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Amy Umble is health reporter for The Free Lance-Star

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Dr. Sheets on his trip to Haiti

Waiting for careOn their recent trip to Haiti, Dr. Clifton Sheets and the other members of his medical mission group treated many people with respiratory problems, skin infections, stomach ailments and fevers. In that respect, their visit was typical of the many other trips that Sheets has made to Haiti.

But the group also saw widespread destruction and heard heartbreaking stories. They learned of one man who lost 12 members of his family in the Jan. 12 earthquake, and another, the mother of five small children, who lost both her husband and her home. In that respect, the visit was not typical.

Never before had Sheets seen tent cities for the homeless in the median of the road between Port-au-Prince to Carrefour. “As far as the eye could see, these tents were set up,” Sheets said. “There was no space between them, just sticks and blankets and sometimes corrugated tin.”View of tent city from a tap-tap cab

Sheets is co-owner of urgent care centers in Spotsylvania. He joined local doctors Christopher Huesgen and Claudia Sussdorf, and Chris Meek, former youth pastor at Salem Fields Community Church, for a week-long stay in the Kenscoff area. Their visit, sponsored by International Allied Missions of Tennessee, ended Feb. 5.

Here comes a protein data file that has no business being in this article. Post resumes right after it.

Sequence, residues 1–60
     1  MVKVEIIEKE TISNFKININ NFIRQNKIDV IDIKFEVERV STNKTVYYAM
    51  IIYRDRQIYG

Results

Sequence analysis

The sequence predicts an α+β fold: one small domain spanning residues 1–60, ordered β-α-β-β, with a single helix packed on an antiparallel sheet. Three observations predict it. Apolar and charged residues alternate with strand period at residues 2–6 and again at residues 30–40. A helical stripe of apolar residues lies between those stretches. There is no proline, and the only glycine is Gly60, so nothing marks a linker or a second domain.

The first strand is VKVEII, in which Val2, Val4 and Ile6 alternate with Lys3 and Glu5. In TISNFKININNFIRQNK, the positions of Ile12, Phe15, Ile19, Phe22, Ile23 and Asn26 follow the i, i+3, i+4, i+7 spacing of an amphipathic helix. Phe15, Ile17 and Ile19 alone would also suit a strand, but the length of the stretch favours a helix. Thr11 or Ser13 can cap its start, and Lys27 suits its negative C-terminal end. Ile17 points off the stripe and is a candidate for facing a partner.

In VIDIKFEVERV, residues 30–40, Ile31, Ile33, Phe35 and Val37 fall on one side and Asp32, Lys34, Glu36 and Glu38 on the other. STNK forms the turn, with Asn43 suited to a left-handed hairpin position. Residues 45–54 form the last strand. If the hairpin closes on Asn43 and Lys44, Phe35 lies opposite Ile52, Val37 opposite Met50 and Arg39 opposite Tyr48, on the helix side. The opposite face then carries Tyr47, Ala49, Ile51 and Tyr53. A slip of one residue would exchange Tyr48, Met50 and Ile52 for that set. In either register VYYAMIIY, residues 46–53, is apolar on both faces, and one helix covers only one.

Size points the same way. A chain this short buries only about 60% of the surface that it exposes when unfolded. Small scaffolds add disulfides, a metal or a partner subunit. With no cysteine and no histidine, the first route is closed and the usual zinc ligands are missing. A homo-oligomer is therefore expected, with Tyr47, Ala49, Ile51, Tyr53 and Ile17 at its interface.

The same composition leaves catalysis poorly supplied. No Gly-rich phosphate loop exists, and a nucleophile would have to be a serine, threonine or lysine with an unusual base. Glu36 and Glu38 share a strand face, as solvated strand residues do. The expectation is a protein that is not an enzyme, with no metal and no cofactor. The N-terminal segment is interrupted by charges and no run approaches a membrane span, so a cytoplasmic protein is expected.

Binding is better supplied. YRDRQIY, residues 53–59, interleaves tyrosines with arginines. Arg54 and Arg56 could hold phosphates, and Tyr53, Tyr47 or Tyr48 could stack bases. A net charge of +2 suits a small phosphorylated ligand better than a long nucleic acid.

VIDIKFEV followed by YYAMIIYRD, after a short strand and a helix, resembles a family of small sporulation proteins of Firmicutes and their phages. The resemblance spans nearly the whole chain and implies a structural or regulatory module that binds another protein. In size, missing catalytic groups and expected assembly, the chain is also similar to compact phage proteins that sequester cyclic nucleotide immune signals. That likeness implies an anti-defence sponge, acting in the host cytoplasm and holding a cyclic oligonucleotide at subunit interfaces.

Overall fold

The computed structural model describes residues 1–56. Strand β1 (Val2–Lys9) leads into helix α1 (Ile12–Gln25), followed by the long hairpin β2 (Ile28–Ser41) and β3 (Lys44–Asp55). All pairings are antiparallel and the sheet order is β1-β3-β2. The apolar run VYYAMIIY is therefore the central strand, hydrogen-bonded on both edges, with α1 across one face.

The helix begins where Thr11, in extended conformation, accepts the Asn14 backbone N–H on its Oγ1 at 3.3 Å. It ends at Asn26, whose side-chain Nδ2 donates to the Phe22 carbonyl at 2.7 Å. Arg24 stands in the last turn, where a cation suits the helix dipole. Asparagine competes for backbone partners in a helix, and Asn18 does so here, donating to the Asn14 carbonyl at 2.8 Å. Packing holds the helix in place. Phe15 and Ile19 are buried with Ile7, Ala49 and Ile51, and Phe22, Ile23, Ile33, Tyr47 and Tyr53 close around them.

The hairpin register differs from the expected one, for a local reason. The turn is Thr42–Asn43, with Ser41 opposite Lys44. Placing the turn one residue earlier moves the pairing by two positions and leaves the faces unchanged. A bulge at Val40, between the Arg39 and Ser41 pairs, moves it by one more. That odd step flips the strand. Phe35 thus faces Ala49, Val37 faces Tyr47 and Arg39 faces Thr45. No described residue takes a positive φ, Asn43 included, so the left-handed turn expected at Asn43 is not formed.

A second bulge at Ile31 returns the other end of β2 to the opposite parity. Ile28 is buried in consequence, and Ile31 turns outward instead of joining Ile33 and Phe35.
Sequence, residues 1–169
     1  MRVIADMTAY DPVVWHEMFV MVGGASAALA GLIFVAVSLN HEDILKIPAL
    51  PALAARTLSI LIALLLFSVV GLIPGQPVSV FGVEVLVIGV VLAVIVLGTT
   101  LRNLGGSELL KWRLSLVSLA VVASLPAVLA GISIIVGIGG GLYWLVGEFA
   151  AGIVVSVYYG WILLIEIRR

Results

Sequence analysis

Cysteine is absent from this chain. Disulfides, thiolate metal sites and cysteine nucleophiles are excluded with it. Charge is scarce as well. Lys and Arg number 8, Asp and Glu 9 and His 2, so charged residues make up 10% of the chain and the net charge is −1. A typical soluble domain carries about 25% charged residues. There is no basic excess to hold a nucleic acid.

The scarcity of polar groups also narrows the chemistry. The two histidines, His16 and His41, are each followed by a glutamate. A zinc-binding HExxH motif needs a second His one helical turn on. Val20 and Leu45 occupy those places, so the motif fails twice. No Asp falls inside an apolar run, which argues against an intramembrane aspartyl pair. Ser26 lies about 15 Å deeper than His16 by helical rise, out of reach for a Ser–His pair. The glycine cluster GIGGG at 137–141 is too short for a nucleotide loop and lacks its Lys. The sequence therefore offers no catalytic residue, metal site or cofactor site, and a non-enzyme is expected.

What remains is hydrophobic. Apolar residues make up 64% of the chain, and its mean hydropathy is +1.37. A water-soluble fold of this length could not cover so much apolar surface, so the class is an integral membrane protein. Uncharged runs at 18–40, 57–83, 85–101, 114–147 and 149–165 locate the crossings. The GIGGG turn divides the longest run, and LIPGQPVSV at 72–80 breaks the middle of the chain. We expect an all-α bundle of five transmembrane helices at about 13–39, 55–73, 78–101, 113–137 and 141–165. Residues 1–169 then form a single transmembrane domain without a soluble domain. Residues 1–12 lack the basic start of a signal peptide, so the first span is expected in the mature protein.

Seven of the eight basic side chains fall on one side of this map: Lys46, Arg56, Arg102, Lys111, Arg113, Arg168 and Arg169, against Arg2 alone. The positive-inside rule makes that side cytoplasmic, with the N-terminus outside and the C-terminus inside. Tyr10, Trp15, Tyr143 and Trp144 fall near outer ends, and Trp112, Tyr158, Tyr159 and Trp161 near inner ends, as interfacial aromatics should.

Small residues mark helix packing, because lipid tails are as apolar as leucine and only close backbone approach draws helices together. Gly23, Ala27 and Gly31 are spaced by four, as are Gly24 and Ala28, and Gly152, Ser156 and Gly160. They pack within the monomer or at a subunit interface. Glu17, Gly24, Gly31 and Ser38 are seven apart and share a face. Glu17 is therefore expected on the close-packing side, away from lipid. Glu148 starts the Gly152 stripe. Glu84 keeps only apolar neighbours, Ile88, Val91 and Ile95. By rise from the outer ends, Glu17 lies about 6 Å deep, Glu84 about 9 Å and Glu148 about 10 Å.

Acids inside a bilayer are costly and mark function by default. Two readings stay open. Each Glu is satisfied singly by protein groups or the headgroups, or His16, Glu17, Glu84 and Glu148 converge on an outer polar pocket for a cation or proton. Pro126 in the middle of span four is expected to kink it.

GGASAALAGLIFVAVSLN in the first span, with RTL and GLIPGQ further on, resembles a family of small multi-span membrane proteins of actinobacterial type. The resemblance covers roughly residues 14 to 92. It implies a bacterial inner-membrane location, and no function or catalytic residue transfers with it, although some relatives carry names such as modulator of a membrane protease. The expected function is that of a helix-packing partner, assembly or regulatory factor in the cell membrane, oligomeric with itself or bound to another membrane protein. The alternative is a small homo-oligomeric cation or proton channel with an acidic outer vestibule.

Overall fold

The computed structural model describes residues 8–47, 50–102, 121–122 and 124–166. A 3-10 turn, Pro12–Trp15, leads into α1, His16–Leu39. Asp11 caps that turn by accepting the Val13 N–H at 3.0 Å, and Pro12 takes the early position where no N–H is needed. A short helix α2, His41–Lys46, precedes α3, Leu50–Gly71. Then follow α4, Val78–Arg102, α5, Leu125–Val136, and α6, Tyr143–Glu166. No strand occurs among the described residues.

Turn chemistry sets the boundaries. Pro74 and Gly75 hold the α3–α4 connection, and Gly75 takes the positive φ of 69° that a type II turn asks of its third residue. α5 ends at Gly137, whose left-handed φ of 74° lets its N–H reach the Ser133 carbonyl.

Sheets said yesterday that his group treated few people with earthquake injuries. “By the time we were able to get into the country, the people that had serious injuries had already been taken care of,” he said. But more than 2,000 people turned out for the group’s visit, two-to-three times the usual turnout.

Sheets also said that he believes the published casualty numbers now that he has seen the extent of the destruction. “The most depressing site I saw was a huge building that had collapsed and there were three guys standing on the roof. One guy had a shovel and one had a sledge hammer. They were trying to break through the ceiling. The country doesn’t have any resources.”

When leaving, the Fredericksburg contingent flew to the Dominican Republic, then to New York. TheyDestroyed school rented a car and drove through the night, reaching home last Friday morning.

Sheets said he was grateful for the donations from Fredericksburg-area residents. The group traveled with 35 50-pound boxes of medical supplies. “Every time we turned around somebody was saying what can I do to help," he said. "Up until the day we left people were handing me money.”

Sheets said he plans to return to Haiti in the fall. “You look at the extent of the devastation and you just say that this is not something that is going to go away anytime soon,” he said.

(All of the photos are by Dr. Sheets. In the top one, people in Kenscoff wait for his group to treat them. The middle one shows a tent city in the highway median. The bottom one is the ruins of a school. Three hundred children are believed entombed in the rubble.)  

  

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